A Cedar Rapids teen involved in the 2009 robbery that left Cedar Rapids police officer Tim Davis severely injured has apparently fled the residential facility he was assigned to last October.
Sam Black, manager of the Lary A. Nelson Center – a Sixth Judicial District work release center – said Maurice Harden, 19, was released from the facility at 12:40 p.m. for an approved three-hour furlough, but did not return. Two hours later, Harden was designated as an escapee.
“At this pint in time, we have no knowledge of Mr. Harden’s whereabouts,” Black said Thursday morning.
Harden is on probation for first-degree robbery and interference with official acts causing serious injury for the March 29, 2009 robbery of David Scanlon and Austin Switalski. Davis was seriously injured when he responded to that robbery and attempted to stop Jose Rockiett, who was with Harden. Rockiett hit Davis in the head with a BB-gun, knocking him unconscious. Davis suffered a fractured skull and severe brain swelling after he fell and hit his head on the street. Harden was not present for the assault.
Because he was a juvenile at the time of the incident, Harden received a deferred sentence on the 25-year prison term the robbery charge carries. He was placed on probation after he turned 18.
However, Harden was jailed in November 2012 for failing to comply with the conditions of his parole. In September 2013, Linn County Attorney Jerry Vander Sanden filed for a revocation of probation after Harden missed his curfew five times and tested positive for marijuana. At a hearing in October 2013, Harden was assigned to the Nelson Center, despite Vander Sanden requesting additional jail time.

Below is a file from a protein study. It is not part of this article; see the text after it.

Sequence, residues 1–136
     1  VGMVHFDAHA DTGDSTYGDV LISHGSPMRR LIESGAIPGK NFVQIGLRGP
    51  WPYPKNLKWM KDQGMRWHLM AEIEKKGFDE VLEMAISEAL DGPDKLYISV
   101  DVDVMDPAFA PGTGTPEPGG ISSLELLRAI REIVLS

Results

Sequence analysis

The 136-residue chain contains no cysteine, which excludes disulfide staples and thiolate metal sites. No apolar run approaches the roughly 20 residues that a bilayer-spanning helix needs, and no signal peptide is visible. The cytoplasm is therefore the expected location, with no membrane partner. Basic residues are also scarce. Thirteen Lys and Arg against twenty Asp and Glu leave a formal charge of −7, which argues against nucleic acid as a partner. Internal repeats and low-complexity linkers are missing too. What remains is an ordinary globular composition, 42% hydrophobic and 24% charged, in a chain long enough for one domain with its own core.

Black said Harden was placed at the facility on Oct. 21, 2013 and earned his first approved furlough on Dec. 20. Furloughs and other privileges are granted to residents who comply with facility’s treatment programs, as well as mental health and substance abuse counseling, when applicable. Black said the furloughs to approved residences to visit family or significant others give counselors a sense of how the resident will manage their time when released from the facility.
“He put in some work and got to that point,” Black said. “Since the 20th of December, we had six approved furloughs of that type that he managed successfully. ”
Harden had also worked more than 200 hours outside of the facility at a job he started in November.
Black said after Harden didn’t return to the facility, local law enforcement were informed and Nelson Center staff also checked in with area hospitals and jails to ensure Harden wasn’t there. The Sixth Judicial District’s High-Risk Unit has been informed, as well. Black said the sixth district will pursue charges for violation of the supervision agreement. What that will mean for Harden’s probation is up to the court, Black said.
Harden managed his responsibilities at the Nelson Center “reasonably well” up to this point, Black said.
“To have this happen, it’s not out of the realm of possibility, but it is unusual with the amount of compliance and time,” he said.
Cedar Rapids Police Sgt. Cristy Hamblin said while Harden is certainly well-known to the department for his role in the 2009 robbery, his escape won’t raise any red flags with the department.
“It’s always a concern,” Hamblin said. “Not necessarily because it was one of our officers, but because it was a crime against somebody.”